And how Twitter works is, traditionally people can text one—instead of just texting from me to you, I could text everyone that chose to follow me, OK? So, the only difference in this setup is that we allowed points to go to everybody in the group. So, if Martin wanted to text you and me, he could. If I wanted to text the two of you, I could. So it was a point of access issue. So it changed Twitter and made it more decentralized, so people could carry on a conversation knowing that people were spread out throughout the city. Sometimes it gets loud and noisy, and it was a way for people to communicate, not substantially different than the way the three of us are talking now.

SHARIF ABDEL KOUDDOUS: And what exactly—what kind of messages were people putting out on this site?

ELLIOT MADISON: All sorts of messages. We put on the—about different trainings. There was a Know Your Rights training. We talked about the—there were messages I received about the raid on the Just Seeds food bus. There was information about where meet-ups were for different marches, like the students’ march. To be honest, I didn’t see most of the messages, because I was arrested very early on Thursday.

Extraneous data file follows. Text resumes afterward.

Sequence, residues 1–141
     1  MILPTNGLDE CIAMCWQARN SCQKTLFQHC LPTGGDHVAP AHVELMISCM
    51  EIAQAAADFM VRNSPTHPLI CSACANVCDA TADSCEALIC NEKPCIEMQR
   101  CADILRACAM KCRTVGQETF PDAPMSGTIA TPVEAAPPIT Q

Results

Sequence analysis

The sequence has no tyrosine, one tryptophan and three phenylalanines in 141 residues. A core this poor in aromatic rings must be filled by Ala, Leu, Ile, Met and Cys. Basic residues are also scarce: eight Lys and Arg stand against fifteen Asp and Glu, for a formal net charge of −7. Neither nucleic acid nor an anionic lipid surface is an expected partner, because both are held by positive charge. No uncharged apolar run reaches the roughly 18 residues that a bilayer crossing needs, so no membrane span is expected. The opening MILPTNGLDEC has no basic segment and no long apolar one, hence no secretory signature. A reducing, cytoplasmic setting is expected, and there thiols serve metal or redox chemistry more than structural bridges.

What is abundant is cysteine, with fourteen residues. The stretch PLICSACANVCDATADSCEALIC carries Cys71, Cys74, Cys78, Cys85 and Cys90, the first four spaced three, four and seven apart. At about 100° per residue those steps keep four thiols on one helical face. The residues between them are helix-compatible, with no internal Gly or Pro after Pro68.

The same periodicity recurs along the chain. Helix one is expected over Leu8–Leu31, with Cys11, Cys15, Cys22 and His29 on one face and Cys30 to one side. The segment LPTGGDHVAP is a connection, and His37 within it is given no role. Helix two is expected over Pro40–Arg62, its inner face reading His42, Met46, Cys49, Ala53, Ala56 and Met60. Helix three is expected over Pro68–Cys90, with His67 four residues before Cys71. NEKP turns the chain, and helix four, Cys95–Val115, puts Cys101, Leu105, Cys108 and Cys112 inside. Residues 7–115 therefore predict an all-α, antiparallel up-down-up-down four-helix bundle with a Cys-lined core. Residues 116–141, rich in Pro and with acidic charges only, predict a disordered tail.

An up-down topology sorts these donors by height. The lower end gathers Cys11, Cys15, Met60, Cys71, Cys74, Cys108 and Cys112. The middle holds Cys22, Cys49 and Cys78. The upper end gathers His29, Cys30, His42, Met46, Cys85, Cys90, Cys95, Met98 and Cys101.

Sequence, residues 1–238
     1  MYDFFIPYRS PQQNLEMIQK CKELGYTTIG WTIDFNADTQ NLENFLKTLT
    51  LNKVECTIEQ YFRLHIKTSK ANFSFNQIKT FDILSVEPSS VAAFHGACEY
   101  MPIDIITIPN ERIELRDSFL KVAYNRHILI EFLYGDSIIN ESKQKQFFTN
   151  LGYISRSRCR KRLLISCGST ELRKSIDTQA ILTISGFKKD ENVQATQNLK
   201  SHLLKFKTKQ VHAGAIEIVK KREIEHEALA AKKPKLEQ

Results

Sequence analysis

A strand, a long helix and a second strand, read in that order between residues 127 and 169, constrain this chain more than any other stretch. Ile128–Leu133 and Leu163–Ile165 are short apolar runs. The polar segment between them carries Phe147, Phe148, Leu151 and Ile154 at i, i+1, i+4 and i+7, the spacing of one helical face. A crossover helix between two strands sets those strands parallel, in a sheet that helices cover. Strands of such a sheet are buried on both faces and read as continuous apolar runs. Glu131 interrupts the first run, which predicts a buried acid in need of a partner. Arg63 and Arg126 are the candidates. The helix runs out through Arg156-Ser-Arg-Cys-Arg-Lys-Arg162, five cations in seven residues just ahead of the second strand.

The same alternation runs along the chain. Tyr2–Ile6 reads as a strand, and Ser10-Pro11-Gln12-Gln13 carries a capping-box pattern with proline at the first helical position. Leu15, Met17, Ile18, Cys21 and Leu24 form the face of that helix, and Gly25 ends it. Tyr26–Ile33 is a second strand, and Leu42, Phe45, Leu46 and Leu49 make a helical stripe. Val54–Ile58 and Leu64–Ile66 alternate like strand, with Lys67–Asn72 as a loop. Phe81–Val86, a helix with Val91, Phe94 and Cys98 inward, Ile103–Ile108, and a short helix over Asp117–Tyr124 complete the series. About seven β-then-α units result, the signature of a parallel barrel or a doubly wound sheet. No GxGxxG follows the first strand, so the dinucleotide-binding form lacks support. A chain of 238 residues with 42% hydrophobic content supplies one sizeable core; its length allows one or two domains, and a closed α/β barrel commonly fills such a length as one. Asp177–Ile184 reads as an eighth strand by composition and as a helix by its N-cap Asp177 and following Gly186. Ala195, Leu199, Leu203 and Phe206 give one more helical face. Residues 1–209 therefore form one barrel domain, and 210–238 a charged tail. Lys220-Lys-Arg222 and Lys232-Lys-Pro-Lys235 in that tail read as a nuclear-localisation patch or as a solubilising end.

SHARIF ABDEL KOUDDOUS: That’s the first day of the G-20.

ELLIOT MADISON: The first day. So, before the first day, there weren’t many messages, because there were just a few announcements about, you know, different meetings and things like that.

And the thing to remember is this was a public site. I mean, the AP articles with the lieutenant detective of operations says he was on our LISTSERV. CNN said they were on our LISTSERV. I mean, a whole variety of journalists, New York Times journalists, joined. Anybody could join. It was a public number. We don’t know who joined. It wasn’t important. And anybody could send information to the group, and it would be sent out to everybody.

SHARIF ABDEL KOUDDOUS: And so, you were sitting in your hotel room, and the police came in. Describe what happened.

ELLIOT MADISON: Where there was a—door was flung open. I assume they had a key.

Just to be clear, the hotel room was under our names. Our car was parked right out front. We weren’t doing anything clandestine, weren’t expecting the police to come in.

A number of agents from the state police came in and—you know, with guns drawn, and held us for about an hour in handcuffs, though we weren’t arrested at that time, and told us we were free to go. But we decided to stay and watch them and wait for the warrant. We weren’t presented a warrant right away. A warrant finally came, but it’s a sealed warrant, so we only got to see the face sheet of it. We don’t know why—we know what they were looking for, but we don’t know the—how they got the information, because it’s sealed. According to the face sheet, it’s eighteen pages long.